clock menu more-arrow no yes mobile

Filed under:

Cincinnati Reds will draft 12th in the 2020 MLB Draft, and maybe that’s a good omen

History is certainly on their side in this arrangement.

Cincinnati Reds v Los Angeles Dodgers Photo by Harry How/Getty Images

Players selected #12 overall throughout the history of the MLB Draft haven’t exactly cemented their legacies in the annals of baseball lore. To date, there have been 55 such chaps, and not a single one of them has yet made it to the Hall of Fame. On top of that, it’s not as if there have been any notable snubs, either, as none has yet put together a career that even sniffs worthiness of enshrinement in Cooperstown.

So, on the surface, that isn’t exactly the greatest endorsement of the Cincinnati Reds upcoming 2020 draft slot, since they, too, will be drafting 12th overall after their 75-87 performance during the 2019 season. It is worth noting that there have never been Hall of Famers selected 11th or 13th overall, either, though that will change five years from the moment Max Scherzer (11th overall in 2006) hangs up his cleats.

(Manny Ramirez, who went 13th overall in 1991, might sneak into the Hall in 2078 when the robots in charge of our day to day lives become wholly impartial to PED use at the turn of the century.)

That isn’t to say that there haven’t been phenomenally successful #12 overall selections, however, despite the inauspicious start to their collective careers. Only five of the first twelve 12th overall picks actually made it to the big leagues, and their collective career bWAR totals just 4.7 - buoyed by the 7.8 career bWAR of Nesconset, NY’s own John Curtis (1966). Things picked up from that point forward, though.

Kirk Gibson, former MVP and twice a World Series champ, went #12 overall in 1978.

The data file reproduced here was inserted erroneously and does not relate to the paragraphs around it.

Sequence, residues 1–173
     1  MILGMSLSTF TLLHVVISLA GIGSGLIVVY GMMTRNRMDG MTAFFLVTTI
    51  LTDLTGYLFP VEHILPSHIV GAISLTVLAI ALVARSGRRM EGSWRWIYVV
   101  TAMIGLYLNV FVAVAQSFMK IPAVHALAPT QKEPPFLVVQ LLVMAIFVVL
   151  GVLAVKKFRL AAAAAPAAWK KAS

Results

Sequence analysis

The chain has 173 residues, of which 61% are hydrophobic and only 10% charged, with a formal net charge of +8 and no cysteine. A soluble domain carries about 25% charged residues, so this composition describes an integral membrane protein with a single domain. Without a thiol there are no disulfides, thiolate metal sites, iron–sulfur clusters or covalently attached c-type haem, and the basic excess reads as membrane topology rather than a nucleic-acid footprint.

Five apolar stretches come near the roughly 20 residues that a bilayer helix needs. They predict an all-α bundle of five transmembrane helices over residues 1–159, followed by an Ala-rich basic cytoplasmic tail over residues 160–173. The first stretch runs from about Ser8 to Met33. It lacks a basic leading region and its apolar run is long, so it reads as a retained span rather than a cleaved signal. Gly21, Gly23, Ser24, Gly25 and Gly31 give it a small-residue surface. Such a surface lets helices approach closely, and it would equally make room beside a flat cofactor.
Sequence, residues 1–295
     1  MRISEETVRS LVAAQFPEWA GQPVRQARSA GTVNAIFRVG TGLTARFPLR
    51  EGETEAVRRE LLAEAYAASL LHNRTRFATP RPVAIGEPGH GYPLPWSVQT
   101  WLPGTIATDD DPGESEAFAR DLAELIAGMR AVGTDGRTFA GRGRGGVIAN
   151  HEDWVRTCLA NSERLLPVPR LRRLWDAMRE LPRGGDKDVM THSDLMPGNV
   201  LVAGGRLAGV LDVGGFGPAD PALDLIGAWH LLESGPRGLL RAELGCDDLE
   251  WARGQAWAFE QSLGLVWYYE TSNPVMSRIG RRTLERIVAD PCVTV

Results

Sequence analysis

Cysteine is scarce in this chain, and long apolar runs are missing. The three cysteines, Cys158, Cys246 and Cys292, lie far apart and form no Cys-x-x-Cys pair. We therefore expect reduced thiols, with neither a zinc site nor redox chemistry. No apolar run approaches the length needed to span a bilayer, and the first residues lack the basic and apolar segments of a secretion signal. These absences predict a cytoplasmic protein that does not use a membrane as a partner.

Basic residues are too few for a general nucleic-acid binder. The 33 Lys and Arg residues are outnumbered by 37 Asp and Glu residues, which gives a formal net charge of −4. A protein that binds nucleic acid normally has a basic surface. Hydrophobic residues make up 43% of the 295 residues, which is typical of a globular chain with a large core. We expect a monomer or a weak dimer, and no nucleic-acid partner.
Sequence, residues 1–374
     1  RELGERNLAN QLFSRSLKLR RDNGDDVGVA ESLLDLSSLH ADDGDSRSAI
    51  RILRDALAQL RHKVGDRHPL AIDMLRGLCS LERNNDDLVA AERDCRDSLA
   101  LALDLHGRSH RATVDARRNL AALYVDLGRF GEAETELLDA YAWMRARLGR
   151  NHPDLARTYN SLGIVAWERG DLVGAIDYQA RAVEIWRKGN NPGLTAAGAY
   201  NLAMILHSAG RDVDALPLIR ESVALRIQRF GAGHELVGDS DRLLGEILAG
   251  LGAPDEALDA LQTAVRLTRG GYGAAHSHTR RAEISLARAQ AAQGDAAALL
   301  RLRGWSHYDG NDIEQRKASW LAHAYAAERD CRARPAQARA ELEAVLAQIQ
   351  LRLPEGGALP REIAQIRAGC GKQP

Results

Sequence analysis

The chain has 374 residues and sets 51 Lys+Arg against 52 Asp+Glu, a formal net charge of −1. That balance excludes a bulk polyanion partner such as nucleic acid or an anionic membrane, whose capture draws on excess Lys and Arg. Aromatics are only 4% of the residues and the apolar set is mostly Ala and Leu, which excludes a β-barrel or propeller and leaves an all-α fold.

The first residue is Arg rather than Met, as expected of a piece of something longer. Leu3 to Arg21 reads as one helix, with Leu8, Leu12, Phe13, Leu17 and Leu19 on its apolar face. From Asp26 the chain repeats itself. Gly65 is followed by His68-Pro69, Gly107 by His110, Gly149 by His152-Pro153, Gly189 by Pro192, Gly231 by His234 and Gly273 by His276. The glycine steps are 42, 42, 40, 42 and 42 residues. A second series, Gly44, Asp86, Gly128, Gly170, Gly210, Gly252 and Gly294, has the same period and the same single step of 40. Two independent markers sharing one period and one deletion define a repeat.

Nomar Garciaparra, perhaps the most gifted contact hitter of his generation, went 12th overall in the strike-shortened 1994 season.

Relief-God Billy Wagner was a former #12 overall selection (1993), as was current Reds 1B coach Delino DeShields (1987). Jered Weaver rewarded the Los Angeles Angels decision to take him #12 overall in 2004 with 35.8 bWAR and a trio of Top 3 finishes in the AL Cy Young Award, too.

In other words, there have been and always will be plenty of talented players available for teams to select 12th overall, and that shouldn’t be any different for the Reds in 2020. And if their own history with that pick is any indication, they might well be plenty happy to be picking 12th over most any other spot in the 1st round.

The Reds have picked 12th exactly twice in the history of the modern draft format, and both times they’ve managed to strike gold.

Back in 2005, they took a raw, yet toolsy OF from Beaumont, Texas with the #12 pick, and that’s him in the picture above pleading his case for being safe after sliding into home plate. That’s Jay Bruce, of course, he of 312 career dingers, a pair of Silver Slugger Awards, a trio of All Star appearances, the affable hair-flip, and the single greatest dinger in recent Reds history. A repeat of that selection would certainly be just fine for the Reds, of course.

The second time the club selected 12th overall came back in 2010, and though it has materialized in a much different manner, the player they picked at that time certainly validated their ability to evaluated prep talent at the time, as he has turned himself into quite the impressive big leaguer. He, too, is in that picture atop the page, then plying his trade as catcher for the Los Angeles Dodgers, though after wrapping another All Star campaign in 2019 with the Milwaukee Brewers, he’s now entering free agency for the second time in his career. That would be one Yasmani Grandal, and considering he’s already being connected to the Reds as a potential free agent signing this winter, there’s a chance the Reds could technically reel in a pair of #12 draft picks as part of their overall 2020 body of work.

As for which players the Red might target at #12, well, there’s an ungodly amount of time and baseball to play out before we even begin to narrow our focus on specific players. The fact is, though, that while the Reds will no longer be selecting in the top handful of picks in this upcoming draft, they still will have a chance to land a franchise-altering talent with the #12 pick, a feat which they have had a success rate of 100% with so far in their history of drafting in such a spot.

Here’s to hoping they can go 3 for 3.